Project "Silverplate" was the code name that referred to a secret program within the Manhattan Project to produce a special version of the Boeing B-29 Superfortress bomber that would be capable of delivering the atomic bomb. The code name eventually came to identify the training and operational aspects of the program as well. The Silverplate program was part of a larger operation, Project Alberta, the section of the Manhattan Project tasked with designing a bomb shape for delivery by airplane, conducting ballistic testing of atomic bomb designs, and training aircrews in preparation for deployment overseas.
Scientists working on the atomic bomb quickly realized that the unusual size and weight of the devices--both the tubular "gun-type fission weapon" shape (Little Boy) and the oval plutonium implosion weapon shape (Fat Man)--would be too large to be delivered by a conventional bomber such as the B-17 or the B-24. In October 1943, Dr. Norman Ramsey, a member of the Los Alamos National Laboratory Group, suggested that the only airplane in the U.S. inventory capable of carrying either type of the proposed weapons shapes was the B-29 Superfortress. Even the B-29, however, would require extensive modifications to both its engines and its bomb bay in order to accommodate the enormous weapon.
Prior to the decision to use the B-29, military officials had given serious consideration to using the British Avro Lancaster to deliver the weapon, which the Royal Air Force had used to deliver the 5-ton Tallboy bombs developed in 1944. The Avro Lancaster would have required much less modification, but Major General Leslie Groves, the commander of the Manhattan Project, and General Henry H. Arnold, the Chief of United States Army Air Forces, wished to use an American plane.
On November 30, 1943, the United States Army Air Forces sent instructions to its Army Air Forces Materiel Command at Wright Field, Ohio, for a highly-classified B-29 modification project. Scientists at working on the Manhattan Project would deliver full-sized mockups of the Little Boy and Fat Man weapons shapes to Wright Field by mid-December, where engineers there would modify the B-29 and equip it for use in bomb flight testing.
The first B-29 arrived at Wright Field, Ohio, on December 2 and underwent extensive modification to the bomb bay. To accommodate the length of the gun-type shaped weapon (Little Boy was originally supposed to be approximately 17 ft, but was later reduced to 10 ft), engineers removed the B-29's four bomb bay doors and the fuselage section between the bays and replaced them with a single 33 ft bomb bay. This modification project resulted in the removal of all the rear gun stations. Each plane was designed to carry either type of device; either Little Boy type in the forward bay or Fat Man type in the rear. New bomb suspensions and bracing were also implemented and separate twin-release mechanisms were mounted in each bay. Engineers also placed motion picture cameras in the bays to record the test of the new release mechanism.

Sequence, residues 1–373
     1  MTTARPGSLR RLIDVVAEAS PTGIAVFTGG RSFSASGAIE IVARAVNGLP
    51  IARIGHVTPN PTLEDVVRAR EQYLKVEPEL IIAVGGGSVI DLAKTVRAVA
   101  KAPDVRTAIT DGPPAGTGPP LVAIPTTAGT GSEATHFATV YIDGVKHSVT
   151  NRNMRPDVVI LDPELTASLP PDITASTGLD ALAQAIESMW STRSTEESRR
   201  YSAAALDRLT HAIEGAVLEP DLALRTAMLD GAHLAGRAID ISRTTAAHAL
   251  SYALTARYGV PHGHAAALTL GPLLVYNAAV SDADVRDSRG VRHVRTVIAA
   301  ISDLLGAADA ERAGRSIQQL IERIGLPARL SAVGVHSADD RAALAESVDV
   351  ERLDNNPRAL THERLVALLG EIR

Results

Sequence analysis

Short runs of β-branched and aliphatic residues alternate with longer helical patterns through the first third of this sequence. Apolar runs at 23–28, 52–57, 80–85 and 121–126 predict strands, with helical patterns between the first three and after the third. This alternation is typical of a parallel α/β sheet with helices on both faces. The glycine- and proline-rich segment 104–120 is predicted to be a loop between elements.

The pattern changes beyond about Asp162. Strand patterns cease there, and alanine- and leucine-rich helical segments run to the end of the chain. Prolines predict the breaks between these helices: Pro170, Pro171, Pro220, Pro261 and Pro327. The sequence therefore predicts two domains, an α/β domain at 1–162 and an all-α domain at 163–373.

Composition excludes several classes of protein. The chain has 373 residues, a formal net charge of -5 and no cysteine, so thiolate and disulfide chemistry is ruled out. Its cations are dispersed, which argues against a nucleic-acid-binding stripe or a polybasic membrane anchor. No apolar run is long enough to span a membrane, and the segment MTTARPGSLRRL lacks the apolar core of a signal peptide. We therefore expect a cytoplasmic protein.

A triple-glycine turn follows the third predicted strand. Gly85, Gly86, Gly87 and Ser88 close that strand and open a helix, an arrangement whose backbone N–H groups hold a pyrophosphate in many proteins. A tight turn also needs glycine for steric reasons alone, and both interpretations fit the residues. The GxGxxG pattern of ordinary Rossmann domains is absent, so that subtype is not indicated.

The modifications, which were done completely by hand, were extensive and time-consuming. The process required more than 6000 man-hours of labor and the first B-29 prototype was not complete until February 20, 1944.
Bomb Shape Testing
Soon after the first heavily-modified silverplate B-29 arrived at Muroc Army Air Field in California in March, military officials began testing the different bomb shapes. On March 6, engineers tested a Thin Man bomb (modeled after Little Boy) followed by two Fat Man tests on March 14. The Thin Man test proved successful, but the Fat Man shapes exhibited significant wobble characteristics due to misalignment of the tail fins. In addition, all three bombs had failed to release immediately. A fourth testing flight resulted in the premature release of a Thin Man shape while the B-29 was still en route to the test range and severely damaged the aircraft. The modified release mechanism was soon replaced with British type releases as used on the Avro Lancaster due to the enormous weight of the bombs.
The Silverplate Fleet
After successful bomb shape testing, a production phase of Silverplate B-29s was ordered on August 22, 1944. By mid-October the first three Silverplate B-29s were delivered to the USAAF and flown to Wendover Army Airfield, Utah. A new crew position, called the "weaponeer station", was established in the cockpit with a panel to monitor the release and detonation of the bomb during the actual combat drops. Fourteen production aircraft were assigned to the 393rd Bomb Squadron and three to the 216th AAF Base Unit for bomb drop testing to be conducted at Wendover.
The USAAF continued to improve and modify the Silverplate series throughout 1945. The final wartime Silverplates incorporated all technical improvements to B-29 aircraft, as well as the final series of Silverplate modifications that included fuel-injected engines, reversible-pitch propellers, and pneumatic actuators for rapid opening and closing of bomb bay doors. Engineers were also able to significantly reduce the weight of the aircraft by removing all gun turrets and armor plating. These B-29s represented a significant increase in performance over the standard variants.